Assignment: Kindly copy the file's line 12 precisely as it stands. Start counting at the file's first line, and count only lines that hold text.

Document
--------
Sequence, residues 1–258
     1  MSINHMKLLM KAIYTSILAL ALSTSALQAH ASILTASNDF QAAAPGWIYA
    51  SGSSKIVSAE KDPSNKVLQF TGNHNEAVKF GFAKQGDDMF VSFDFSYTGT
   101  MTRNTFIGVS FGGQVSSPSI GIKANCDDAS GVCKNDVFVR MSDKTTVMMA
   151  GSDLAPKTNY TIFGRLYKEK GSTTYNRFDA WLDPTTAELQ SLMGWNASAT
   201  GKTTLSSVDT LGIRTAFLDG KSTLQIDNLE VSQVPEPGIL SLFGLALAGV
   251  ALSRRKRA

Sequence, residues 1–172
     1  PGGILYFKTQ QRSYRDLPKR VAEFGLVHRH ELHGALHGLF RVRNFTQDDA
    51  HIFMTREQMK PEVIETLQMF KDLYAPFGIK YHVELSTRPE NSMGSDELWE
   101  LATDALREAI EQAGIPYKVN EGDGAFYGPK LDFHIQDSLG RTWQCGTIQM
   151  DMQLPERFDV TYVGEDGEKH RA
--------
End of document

   151  DMQLPERFDV TYVGEDGEKH RA